It’s at this point that I realize the Ashley Flair watching from the front row is the Charlotte we all know today. Edge just about makes it to the top of the ladder, but Flair tips the ladder over, sending Edge crashing through a table on the outside in a crazy looking bump. With Edge incompacitated, Flair almost takes down the title, but he’s stopped by Lita. Following the distraction, the exhausted Flair is met at the top of the ladder by a recovered Edge, who rains down punches until the Nature Boy wilts and falls to the mat. Edge pulls down the title, handing Flair his first bloody loss in a ladder match. By this point in his career, Flair should have been in total “too old for this shit” mode, but he really went for it and put in a great effort. It helped that he was in the ring with Edge, who actually had more experience when it came to this special circumstance. ****¼ 

WWE would essentially do a remake of this match a little over four years later when Miz would defend his WWE Championship against Jerry Lawler in a TLC match on the November 29, 2010 episode of Raw. But that’s a story for another day.

Back in 2006, we’re skipping ahead to the July 11 episode of ECW. Ric has found himself in a feud with Mick Foley over comments Flair made in his book. In an attempt to prove how extreme he can be, Flair makes a special appearance on the third brand. 

Extreme Rules, ECW Title Match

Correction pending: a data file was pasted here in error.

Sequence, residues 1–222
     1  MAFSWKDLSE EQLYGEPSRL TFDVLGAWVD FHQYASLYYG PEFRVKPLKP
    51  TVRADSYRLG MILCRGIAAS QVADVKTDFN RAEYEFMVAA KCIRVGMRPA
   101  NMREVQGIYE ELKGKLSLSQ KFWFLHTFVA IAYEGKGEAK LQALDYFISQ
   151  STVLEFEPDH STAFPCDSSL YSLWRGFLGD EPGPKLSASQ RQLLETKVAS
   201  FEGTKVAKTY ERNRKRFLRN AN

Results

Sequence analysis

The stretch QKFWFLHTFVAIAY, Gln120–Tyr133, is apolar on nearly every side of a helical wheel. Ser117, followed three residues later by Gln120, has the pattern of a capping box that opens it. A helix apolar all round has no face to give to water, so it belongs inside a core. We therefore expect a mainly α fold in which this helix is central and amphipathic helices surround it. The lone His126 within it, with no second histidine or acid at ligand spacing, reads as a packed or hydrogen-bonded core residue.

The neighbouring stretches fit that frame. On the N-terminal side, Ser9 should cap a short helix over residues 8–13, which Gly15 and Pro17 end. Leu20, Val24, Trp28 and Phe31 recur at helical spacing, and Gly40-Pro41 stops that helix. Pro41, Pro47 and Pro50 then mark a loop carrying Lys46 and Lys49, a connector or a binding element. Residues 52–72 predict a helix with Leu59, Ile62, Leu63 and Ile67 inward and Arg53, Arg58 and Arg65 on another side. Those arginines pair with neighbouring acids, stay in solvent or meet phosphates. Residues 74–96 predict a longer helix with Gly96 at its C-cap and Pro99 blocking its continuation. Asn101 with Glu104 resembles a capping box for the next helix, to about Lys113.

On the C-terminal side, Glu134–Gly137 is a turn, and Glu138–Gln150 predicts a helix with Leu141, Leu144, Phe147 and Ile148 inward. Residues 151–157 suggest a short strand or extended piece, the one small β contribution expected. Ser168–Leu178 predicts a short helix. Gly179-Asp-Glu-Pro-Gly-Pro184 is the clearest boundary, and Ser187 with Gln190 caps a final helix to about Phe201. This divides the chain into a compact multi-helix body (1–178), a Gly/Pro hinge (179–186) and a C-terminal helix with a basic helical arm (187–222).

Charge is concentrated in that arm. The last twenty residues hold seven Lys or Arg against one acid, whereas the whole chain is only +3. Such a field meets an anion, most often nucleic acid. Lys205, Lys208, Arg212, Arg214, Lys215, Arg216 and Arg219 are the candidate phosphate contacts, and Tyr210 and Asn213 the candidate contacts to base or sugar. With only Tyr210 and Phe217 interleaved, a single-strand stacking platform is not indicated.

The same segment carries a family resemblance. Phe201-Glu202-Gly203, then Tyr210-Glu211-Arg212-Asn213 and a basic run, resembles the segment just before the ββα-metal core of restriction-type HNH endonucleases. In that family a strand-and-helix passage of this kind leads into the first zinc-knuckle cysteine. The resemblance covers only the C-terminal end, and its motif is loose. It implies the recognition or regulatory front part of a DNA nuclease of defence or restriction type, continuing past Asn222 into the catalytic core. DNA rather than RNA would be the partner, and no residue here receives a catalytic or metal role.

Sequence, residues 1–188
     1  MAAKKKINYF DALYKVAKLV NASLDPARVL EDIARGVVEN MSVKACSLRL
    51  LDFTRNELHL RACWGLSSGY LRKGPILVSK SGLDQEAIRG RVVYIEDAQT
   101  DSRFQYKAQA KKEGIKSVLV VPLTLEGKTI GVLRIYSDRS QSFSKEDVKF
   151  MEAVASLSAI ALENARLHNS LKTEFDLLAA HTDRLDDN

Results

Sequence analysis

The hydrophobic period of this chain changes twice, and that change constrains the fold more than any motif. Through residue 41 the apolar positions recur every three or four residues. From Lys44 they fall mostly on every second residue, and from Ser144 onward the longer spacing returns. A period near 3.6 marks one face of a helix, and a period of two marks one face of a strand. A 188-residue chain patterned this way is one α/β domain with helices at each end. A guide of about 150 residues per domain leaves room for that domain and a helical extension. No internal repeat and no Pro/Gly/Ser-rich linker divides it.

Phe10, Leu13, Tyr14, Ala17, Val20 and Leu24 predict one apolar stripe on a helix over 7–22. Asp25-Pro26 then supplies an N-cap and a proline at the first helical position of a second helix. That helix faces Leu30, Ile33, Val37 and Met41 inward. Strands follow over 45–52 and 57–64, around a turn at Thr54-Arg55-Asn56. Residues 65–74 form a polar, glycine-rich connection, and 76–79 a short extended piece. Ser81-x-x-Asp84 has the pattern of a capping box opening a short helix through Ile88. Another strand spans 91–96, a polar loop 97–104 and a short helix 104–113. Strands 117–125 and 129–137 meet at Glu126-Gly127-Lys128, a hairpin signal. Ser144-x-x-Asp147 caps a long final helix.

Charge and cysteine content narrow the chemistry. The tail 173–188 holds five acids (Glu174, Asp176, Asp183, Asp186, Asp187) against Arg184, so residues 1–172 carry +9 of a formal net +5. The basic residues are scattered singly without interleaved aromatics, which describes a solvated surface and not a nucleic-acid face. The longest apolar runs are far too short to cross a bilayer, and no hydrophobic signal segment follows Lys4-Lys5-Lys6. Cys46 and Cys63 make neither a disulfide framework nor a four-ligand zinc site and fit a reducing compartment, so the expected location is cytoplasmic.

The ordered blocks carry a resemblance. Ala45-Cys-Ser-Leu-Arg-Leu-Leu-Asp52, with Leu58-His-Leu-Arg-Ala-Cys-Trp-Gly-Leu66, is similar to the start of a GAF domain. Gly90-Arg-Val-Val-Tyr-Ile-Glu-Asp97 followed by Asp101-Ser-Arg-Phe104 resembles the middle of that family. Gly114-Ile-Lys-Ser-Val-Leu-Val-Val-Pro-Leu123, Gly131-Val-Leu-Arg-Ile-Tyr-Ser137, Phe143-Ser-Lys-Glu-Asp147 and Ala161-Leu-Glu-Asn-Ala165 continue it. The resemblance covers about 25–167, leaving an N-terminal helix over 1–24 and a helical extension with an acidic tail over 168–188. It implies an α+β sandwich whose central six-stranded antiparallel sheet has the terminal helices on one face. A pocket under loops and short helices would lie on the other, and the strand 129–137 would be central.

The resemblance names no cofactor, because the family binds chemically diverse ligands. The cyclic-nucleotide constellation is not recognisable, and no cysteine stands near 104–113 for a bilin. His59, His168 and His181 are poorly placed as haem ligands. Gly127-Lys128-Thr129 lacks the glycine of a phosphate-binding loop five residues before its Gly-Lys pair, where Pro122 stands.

Ric Flair vs. Big Show

July 11, 2006

Big Show had just won the ECW title from Rob Van Dam the prior week, in what was Paul Heyman’s big heel turn. On Raw, Flair was challenged to this match by Big Show and Paul Heyman, after he called out Mick Foley and was denied a rematch to their 2 out of 3 falls match at Vengeance.  In a backstage promo, Flair challenges Mick Foley to his kind of match. Flair has a ton of fire in this promo for a title that he doesn’t even really want. 

When he hits the ring, Big Show looks the biggest he’s ever looked in this match. Show totally overpowers Flair in the early goings of the match. Flair fights back with chops and other offense, but Show busts him open with a headbutt. This isn’t out of the ordinary for Flair, but he bumps like an absolute maniac for Show in this match. The tables turn when Flair nails Show with four straight nutshots. 

Things get extreme when Flair busts Big Show open with a barbed wire bat. Big Show finally falls to the mat after shots from a garbage can and a chair. Flair pins Show,  who effortlessly tosses Flair off of him at 2. Big Show comes off like an absolute monster in this match. Flair grabs a sack (this time it’s not Big Show’s OHH!) and spreads thumbtacks all over the ring. He clocks Show twice in the head with a chair because 2006, knocking him into the pile of tacks. This shock wakes up Show, who takes out Flair with a chokeslam and a cobra clutch backbreaker to end this. The most memorable part of the match actually comes after the bell rings. Show ragdolls Flair from the cobra clutch position into the tacks, in one of the grossest bumps of Flair’s career. This match rocks. Great simple storytelling where both guys seemed like they had something to prove when it came to the extreme side of things. ****1/4